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Bible Encyclopedias

Cyclopedia of Biblical, Theological and Ecclesiastical Literature

Purgatory, Rabbinic.

The doctrine of purgatory (q.v.) is not only a peculiarity of the Romish Church, but also of orthodox Judaism. The latter maintains "that the souls of the righteous enjoy the beatific vision of God in paradise, and that the souls of the wicked are tormented in hell with fire and other punishments. It teaches that the sufferings of the most atrocious criminals are of eternal duration, while others remain only for a limited time in purgatory, which does not differ from hell with respect to the place, but to the duration. They pray for the souls of the dead, and imagine that many are'delivered from purgatory on the great day of expiation. They suppose that no Jew, unless guilty of heresy, or certain crimes specified by the rabbins, shall continue in purgatory above a year, and that there are but few who suffer eternal punishment." Maimonides (q.v.), Abrabanel (q.v.), and other celebrated Jewish writers maintain the annihilation of the wicked.

Others suppose that the sufferings of hell have the power of purifying souls and expiating sin. This statement will be made the more clear when we examine some of the writings bearing on this subject. Among the prayers of the Feast of Tabernacles we find the following declaration and prayer: "It is customary among the dispersions of Israel to make mention of the souls of their departed parents, etc., on the day of atonement, and the ultimate days of the three festivals, and to offer prayers for the repose of their souls. May God remember the soul of my honored father, A. B., who is gone to his repose; for that I now solemnly vow charity for his sake; in reward of this, may his soul be bound up in the bundle of life, with the souls of Abraham, Isaac, and Jacob; Sarah, Rebekah, Rachel, and Leah; with the rest of the righteous males and females that are in paradise, and let us say Amen.' May God remember the soul of my honored mother,'" etc. In the Jewish ritualistic work called Joreh Deah, by Joseph Karo (q.v.), p. 376, we read: "Therefore the custom is for twelve months to repeat the prayer called Kaddish, and also to read the lesson in the prophets, and to pray the evening prayer at the going-out of the Sabbath, for that is the hour when the souls return to hell; but when the son prays and sanctifies the public, he redeems his father and his mother from hell." The doctrine of the Talmud is that those who die in communion with the synagogue, or who have never been Jews, are punished for twelve months, but that Jewish heretics and apostates are doomed to eternal punishment. "Israelites who sin with their body, and also Gentiles, descend into hell, and are judged there for twelve months. After the twelve months their body is consumed and their soul is burned, and the wind scatters them under the soles of the feet of the righteous, as it is said: Ye shall tread down the wicked. for they shall be ashes under the soles of your feet' (Malachi 4:3). But heretics, and informers, and Epicureans, who have denied the law or the resurrection of the dead, or who have separated from the customs of the congregation, or who have caused their fear in the land of the living, who have sinned, or caused many to sin, as Jeroboam, the son of Nebat, all such go down to hell, and are judged forever" (Rosh Hashanah, p. 17, a).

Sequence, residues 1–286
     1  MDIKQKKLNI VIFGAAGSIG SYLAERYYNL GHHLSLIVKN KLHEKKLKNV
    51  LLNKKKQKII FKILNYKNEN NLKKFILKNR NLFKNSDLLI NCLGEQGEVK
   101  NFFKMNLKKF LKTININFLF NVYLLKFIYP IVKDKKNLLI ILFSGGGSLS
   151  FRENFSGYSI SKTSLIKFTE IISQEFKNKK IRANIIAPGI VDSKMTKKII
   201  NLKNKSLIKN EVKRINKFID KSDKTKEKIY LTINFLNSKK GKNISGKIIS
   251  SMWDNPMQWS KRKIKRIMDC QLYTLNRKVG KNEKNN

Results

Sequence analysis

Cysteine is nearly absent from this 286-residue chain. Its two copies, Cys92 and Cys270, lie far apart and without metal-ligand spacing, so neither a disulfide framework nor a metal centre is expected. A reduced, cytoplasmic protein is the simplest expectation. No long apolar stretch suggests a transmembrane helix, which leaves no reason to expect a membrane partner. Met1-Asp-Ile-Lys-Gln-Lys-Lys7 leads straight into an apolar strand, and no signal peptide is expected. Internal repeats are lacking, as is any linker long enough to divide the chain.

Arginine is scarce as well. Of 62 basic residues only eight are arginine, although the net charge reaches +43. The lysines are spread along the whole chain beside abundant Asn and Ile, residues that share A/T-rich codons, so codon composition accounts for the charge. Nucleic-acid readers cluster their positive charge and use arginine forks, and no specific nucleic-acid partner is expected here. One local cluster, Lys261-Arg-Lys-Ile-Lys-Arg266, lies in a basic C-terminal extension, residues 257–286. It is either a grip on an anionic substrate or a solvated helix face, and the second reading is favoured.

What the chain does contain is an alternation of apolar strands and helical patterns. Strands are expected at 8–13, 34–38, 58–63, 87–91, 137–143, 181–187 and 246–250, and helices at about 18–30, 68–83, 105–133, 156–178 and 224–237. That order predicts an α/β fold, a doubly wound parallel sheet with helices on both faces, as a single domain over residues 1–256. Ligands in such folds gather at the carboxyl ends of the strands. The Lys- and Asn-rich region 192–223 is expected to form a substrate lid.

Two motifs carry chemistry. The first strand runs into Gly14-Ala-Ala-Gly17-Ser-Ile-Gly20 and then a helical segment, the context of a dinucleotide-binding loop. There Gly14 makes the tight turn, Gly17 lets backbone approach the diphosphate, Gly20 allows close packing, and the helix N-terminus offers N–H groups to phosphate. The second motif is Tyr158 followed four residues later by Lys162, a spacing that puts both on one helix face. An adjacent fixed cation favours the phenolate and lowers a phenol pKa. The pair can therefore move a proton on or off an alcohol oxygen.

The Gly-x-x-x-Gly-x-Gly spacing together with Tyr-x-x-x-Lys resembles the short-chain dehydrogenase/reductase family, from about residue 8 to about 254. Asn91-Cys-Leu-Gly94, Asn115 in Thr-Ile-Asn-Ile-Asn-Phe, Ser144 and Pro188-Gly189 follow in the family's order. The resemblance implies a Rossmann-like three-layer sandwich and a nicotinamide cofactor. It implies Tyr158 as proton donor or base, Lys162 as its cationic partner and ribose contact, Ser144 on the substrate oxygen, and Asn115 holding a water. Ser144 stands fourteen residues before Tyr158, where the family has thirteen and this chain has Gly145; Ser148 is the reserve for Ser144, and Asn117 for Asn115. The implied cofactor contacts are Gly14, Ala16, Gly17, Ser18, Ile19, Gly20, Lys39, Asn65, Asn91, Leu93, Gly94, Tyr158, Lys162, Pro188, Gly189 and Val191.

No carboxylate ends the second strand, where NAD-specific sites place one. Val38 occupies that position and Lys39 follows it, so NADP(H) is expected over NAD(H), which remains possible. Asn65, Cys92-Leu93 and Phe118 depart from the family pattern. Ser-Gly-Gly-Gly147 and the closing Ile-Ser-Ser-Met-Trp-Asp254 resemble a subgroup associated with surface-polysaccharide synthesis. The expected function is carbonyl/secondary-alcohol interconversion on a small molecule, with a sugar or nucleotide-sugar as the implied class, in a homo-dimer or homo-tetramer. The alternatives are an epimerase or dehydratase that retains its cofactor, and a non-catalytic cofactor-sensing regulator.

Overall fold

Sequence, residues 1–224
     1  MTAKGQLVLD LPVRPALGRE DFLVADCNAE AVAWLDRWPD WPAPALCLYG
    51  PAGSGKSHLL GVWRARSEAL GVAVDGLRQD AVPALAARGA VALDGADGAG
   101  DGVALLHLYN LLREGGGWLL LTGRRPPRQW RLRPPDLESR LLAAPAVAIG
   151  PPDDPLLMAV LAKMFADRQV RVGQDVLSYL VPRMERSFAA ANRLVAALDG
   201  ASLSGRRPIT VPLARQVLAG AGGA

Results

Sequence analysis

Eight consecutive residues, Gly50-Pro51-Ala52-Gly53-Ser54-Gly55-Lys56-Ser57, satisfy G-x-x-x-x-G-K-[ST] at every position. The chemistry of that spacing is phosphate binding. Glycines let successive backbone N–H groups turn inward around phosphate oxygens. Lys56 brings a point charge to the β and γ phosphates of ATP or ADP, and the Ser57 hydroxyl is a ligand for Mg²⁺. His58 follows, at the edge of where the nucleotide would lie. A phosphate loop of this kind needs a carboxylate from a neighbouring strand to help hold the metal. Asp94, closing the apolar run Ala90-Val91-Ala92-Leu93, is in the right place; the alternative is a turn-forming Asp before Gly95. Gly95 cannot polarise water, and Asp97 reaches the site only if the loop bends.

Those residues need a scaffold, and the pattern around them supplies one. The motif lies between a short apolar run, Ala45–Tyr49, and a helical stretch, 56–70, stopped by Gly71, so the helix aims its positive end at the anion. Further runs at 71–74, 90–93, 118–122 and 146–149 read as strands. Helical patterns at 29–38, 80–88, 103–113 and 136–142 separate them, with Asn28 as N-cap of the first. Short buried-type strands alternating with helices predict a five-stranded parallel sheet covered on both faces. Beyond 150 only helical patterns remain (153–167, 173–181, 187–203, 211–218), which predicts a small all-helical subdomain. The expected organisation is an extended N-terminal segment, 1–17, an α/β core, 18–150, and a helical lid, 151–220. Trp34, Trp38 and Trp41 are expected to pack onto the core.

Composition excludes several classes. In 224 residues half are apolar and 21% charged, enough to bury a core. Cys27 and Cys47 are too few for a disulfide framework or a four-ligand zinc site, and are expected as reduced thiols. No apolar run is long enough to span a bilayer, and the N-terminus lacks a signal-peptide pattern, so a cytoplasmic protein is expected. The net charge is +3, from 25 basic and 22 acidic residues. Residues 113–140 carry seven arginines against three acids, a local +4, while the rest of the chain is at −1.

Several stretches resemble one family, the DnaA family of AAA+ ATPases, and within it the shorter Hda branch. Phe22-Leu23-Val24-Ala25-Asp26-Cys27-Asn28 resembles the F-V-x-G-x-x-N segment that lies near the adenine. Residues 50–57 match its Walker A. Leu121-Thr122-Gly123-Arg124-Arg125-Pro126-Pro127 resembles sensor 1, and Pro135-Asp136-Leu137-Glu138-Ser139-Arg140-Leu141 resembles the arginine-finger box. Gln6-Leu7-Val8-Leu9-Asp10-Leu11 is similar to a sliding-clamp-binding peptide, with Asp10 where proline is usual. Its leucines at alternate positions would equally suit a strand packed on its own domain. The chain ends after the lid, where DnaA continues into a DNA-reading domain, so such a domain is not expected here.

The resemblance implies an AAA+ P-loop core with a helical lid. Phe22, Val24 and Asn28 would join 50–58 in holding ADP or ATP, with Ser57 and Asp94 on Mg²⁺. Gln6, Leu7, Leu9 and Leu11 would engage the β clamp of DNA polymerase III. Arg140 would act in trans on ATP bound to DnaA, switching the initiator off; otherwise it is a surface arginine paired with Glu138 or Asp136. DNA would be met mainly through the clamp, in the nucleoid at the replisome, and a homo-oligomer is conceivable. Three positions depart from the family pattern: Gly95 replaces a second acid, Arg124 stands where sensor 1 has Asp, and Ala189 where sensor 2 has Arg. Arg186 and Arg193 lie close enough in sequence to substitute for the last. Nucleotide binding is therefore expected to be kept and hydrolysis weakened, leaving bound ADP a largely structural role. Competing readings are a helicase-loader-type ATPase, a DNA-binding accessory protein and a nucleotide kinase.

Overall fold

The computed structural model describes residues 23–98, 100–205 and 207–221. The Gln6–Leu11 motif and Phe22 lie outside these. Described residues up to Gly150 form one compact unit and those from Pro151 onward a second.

According to this, the dying Israelite ought to expect twelve months of torment, and his surviving son ought to repeat the prescribed prayer for twelve months; but the rabbins have commanded that the prayer should be repeated only for eleven months, to intimate that the deceased was not so wicked as to be obliged to remain all the time of torment: "The custom is not to say Kaddish more than eleven months, so as not to cast a reproach on the character of the deceased father and mother as if they were wicked, for twelve months are the term appointed for the wicked" (Joreh Deah, i, 1). As to the prayer used, it is found in all Hebrew prayerbooks, and runs thus: "May his great name be exalted and sanctified throughout the world, which he has created according to his will. May he establish his kingdom in our lifetime, and in the lifetime of the whole house of Israel, soon, and in a short time, and say ye, Amen, Amen. May his great name be blessed and glorified for ever and ever. May his hallowed name be praised, glorified, exalted, magnified, honored, and most excellently adored; blessed is he, far exceeding all blessings, hymns, praises, and beatitudes that are repeated throughout the world, and say ye Amen. May our prayer be accepted with mercy anda kindness. May the prayers and supplications of the whole house of Israel be accepted in the presence of their Father, who is in heaven, and say ye Amen. Blessed be the name of the Lord from henceforth and for evermore. May the fulness of peace from heaven, with life, be granted unto us, and all Israel: and say ye Amen. My help is from the Lord, who made heaven and earth. May he who maketh peace in his high heavens bestow peace on us, and on all Israel; and say ye Amen." See Adams, Hist. of the Jews. ii, 249 sq.; M'Caul, Old Paths, p. 295 sq.; Basnage, Hist. des Juifs (Taylor's transl.), p. 390; Bodenschatz, Kirchliche Verfassung der heiligen Juden, iii, 78 sq. (B. P.)

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Bibliography Information
McClintock, John. Strong, James. Entry for 'Purgatory, Rabbinic.'. Cyclopedia of Biblical, Theological and Ecclesiastical Literature. Harper & Brothers. New York. 1870.

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